Although much has been made of the Iraqi Parliament finally approving a provincial elections law, this may not be much of a step forward after all. First, the law simply sidesteps the most contentious issue, the status of the disputed territories in the Kurdish border region (see below); and it also failed to assure minority representation, as originally proposed. In other words, the Iraqi political process continues to fail to produce substantial progress toward ethnic and sectarian reconciliation. -- C Maliki expresses concern over removal of minority rights provision from the elections law as Christian demonstrate in Qaraqosh. (Qaraqosh is a largely Christian city near Mosul, although the KUNA article describes it as part of Mosul.) Excerpt:

By Mohammad al-Ghuzi BAGHDAD, Sept 28 (KUNA) -- Iraqi Prime Minister Nouri al-Maliki on Sunday voiced concern over the abolition of an article bearing on minority rights in the provincial election bill. l-Maliki expressed his concern in a message to the Iraqi parliament speaker and his two deputies. e urged the parliament and the independent election watchdog to change their minds and dispel the fears and anxiety of inherent societal components that boast of belonging to Iraq.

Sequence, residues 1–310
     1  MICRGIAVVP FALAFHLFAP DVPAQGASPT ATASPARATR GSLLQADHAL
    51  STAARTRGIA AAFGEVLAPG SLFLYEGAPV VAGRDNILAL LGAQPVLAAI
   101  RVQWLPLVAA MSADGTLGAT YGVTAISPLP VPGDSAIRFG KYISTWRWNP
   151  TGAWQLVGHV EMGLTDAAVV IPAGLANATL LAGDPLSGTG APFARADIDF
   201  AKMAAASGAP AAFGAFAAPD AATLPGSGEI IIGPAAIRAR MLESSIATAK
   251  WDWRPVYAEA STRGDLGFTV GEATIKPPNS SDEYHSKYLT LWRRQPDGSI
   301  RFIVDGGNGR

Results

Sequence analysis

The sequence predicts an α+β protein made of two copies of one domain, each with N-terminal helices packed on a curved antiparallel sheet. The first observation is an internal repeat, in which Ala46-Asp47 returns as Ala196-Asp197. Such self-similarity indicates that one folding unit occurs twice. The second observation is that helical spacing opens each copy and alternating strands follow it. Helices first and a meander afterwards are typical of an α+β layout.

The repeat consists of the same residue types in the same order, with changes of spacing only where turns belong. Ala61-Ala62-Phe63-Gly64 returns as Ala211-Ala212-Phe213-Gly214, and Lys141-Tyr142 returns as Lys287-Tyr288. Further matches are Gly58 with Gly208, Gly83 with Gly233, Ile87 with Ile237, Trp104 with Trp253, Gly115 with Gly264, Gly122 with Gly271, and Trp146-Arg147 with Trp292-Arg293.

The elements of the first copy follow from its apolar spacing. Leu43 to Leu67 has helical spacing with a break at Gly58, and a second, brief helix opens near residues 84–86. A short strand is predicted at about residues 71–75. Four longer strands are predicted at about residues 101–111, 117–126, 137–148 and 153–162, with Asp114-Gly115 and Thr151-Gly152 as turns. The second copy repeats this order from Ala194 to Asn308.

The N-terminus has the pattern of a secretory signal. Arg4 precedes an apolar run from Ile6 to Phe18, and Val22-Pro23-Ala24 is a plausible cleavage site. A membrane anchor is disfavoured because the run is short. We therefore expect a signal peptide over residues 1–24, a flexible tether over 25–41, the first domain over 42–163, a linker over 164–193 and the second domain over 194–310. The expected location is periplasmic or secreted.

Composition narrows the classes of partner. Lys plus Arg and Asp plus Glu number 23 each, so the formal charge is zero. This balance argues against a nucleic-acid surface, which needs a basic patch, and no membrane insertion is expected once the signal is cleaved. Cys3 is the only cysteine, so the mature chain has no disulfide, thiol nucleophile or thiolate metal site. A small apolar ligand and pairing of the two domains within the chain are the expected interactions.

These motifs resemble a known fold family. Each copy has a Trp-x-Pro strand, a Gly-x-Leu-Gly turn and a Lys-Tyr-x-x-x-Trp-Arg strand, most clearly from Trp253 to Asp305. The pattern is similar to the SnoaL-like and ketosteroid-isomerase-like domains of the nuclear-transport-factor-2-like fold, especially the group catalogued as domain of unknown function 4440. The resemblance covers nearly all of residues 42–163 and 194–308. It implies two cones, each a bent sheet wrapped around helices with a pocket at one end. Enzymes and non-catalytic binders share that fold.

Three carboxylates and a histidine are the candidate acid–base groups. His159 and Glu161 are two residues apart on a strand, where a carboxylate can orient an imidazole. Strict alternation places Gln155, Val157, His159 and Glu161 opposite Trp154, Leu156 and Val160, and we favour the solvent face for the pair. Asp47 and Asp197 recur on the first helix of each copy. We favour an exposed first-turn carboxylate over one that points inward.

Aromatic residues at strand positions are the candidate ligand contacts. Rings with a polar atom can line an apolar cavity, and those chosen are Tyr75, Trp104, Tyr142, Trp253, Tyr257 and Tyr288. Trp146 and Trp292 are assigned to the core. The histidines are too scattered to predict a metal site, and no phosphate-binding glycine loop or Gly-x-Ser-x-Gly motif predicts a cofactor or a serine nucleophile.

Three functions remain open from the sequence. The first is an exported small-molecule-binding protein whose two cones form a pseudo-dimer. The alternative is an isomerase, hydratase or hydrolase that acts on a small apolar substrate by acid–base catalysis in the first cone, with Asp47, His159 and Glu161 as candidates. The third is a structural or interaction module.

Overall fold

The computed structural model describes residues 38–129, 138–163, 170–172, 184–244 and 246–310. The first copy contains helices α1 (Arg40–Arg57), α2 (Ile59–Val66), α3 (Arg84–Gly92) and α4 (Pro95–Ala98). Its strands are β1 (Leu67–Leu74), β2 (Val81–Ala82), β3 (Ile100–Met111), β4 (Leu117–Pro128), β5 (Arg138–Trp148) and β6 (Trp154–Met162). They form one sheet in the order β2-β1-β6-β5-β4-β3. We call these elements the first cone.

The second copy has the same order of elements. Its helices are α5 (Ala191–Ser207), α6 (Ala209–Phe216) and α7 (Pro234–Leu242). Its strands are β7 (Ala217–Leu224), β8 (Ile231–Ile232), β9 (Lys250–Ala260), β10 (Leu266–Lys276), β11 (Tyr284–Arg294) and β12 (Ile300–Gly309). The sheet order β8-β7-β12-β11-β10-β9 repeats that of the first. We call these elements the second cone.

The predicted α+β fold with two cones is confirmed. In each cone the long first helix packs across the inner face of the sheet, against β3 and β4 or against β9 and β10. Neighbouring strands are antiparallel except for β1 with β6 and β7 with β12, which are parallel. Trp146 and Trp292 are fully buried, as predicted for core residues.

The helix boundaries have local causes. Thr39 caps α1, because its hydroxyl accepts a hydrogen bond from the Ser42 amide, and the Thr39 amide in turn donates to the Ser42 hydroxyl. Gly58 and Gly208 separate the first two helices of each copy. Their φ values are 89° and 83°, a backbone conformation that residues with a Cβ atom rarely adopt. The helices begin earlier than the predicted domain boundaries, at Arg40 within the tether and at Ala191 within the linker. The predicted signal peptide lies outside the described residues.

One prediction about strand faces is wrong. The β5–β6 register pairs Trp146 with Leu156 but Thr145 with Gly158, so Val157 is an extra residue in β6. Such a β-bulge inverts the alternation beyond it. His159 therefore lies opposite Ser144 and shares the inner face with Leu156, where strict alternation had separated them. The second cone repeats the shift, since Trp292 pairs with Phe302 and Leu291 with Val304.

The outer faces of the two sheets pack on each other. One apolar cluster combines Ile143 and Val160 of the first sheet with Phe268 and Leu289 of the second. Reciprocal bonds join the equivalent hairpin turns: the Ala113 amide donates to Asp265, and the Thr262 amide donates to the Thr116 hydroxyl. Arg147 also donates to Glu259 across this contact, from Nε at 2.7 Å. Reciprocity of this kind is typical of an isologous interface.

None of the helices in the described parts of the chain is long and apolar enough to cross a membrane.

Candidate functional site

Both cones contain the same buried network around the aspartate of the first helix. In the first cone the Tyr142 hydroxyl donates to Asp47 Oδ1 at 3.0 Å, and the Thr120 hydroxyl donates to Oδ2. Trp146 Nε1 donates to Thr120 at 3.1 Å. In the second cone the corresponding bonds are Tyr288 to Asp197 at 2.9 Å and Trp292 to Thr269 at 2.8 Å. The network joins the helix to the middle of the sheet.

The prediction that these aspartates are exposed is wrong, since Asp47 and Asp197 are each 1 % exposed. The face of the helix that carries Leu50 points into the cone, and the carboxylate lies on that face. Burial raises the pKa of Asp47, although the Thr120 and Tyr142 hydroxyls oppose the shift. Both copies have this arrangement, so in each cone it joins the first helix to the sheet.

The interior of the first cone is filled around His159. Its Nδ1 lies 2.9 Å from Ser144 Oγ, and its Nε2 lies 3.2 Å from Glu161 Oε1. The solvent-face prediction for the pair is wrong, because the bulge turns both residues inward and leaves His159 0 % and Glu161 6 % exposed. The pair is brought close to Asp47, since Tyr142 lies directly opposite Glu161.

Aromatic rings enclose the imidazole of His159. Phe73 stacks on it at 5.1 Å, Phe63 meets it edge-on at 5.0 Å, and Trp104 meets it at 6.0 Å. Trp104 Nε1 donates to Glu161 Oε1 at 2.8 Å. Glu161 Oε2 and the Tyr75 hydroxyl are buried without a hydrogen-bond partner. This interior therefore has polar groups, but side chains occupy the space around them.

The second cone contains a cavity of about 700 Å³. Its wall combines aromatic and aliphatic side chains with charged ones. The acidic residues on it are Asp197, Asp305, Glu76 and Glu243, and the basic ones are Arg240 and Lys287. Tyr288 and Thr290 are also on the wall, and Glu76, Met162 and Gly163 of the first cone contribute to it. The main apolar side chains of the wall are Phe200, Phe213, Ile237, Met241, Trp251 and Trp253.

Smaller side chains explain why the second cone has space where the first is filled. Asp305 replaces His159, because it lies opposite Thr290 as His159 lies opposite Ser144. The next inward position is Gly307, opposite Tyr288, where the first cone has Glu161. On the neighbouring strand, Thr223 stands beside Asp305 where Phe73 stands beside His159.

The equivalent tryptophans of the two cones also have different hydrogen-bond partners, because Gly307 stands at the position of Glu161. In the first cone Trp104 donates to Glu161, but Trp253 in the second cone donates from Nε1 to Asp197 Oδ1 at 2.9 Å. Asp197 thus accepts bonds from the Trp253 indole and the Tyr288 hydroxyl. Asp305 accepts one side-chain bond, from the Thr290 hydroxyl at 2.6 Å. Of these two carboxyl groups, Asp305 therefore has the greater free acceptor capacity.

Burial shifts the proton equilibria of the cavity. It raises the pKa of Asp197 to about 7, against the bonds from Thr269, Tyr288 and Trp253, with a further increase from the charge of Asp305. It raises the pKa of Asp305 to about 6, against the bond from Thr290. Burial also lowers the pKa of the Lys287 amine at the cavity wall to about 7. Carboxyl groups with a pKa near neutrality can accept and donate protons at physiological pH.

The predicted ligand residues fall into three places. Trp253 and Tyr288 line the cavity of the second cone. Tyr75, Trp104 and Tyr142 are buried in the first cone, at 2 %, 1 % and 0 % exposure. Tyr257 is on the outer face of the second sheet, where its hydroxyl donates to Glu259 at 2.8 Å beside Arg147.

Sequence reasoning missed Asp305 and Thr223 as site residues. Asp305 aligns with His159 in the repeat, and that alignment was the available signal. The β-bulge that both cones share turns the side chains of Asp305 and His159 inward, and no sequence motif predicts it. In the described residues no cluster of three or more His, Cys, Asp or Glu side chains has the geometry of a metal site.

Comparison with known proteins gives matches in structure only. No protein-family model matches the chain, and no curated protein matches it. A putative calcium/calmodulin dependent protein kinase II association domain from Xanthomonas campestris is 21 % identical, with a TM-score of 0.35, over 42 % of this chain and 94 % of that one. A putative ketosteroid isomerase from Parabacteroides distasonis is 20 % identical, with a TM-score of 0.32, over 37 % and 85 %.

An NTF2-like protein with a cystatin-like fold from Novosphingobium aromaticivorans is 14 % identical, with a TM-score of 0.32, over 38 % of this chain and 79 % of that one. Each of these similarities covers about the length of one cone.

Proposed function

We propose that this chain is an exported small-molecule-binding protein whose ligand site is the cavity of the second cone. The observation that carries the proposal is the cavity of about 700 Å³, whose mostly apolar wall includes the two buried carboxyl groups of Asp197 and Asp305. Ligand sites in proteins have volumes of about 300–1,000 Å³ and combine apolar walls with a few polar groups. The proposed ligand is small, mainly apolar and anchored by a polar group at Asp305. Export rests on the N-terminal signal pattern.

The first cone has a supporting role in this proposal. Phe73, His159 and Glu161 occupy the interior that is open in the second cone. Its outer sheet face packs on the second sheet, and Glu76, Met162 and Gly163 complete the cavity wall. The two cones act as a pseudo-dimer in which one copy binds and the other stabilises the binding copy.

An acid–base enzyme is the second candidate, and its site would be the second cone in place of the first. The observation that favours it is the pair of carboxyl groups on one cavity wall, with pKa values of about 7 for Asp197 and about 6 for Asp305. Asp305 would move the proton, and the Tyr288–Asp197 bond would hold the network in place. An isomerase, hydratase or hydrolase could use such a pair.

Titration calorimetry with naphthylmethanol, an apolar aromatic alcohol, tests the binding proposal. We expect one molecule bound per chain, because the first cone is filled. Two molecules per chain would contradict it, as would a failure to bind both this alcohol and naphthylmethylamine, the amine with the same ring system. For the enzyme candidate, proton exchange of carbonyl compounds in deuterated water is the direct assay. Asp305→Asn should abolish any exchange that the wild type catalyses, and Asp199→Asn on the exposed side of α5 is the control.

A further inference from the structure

"We hoped that the parliament could pass the draft law submitted by the cabinet, which protects the representation of minorities as per the constitution and in line with our orientations towards a just representation of all components of the Iraqi people and defending their rights," he said.

Does anybody remember Mullah Krekar? I do - he's the head of Ansar al-Sunna, formerly Ansar al-Islam, the Kurdish Islamist organization that Colin Powell claimed as proof that Saddam Hussein harbored terrorists. Of course, Ansar al-Islam was holed up in Iraqi Kurdistan, completely out of reach of Saddam Hussein, and one of its objectives was to kill him. In fact, Mullah Krekar had received asylum in Norway because Saddam Hussein was trying to kill him. But truth and logic never stopped Colin Powell. Anyway, regarding Mullah Krekar, he's baaaaaack. Mullah Krekar threatened to kill Mariwan Halabjaee threatens to kill Kurdish writer Mariwan Halabjaee. But it's not just Mullah Krekar that Halabjaee has to contend with -- it's the freedom-loving Kurdish government. Excerpt: